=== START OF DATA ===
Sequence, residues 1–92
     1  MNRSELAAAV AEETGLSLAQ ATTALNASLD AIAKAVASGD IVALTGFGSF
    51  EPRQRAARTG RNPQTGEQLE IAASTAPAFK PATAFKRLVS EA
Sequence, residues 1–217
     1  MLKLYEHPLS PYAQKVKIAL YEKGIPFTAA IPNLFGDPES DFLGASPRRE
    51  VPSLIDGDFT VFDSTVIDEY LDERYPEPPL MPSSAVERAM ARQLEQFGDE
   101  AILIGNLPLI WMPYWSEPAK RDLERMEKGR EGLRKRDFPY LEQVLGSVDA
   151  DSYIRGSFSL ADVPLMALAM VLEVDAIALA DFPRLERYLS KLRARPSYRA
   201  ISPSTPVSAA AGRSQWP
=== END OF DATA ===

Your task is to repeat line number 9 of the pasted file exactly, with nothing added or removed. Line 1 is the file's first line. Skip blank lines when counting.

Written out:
   201  ISPSTPVSAA AGRSQWP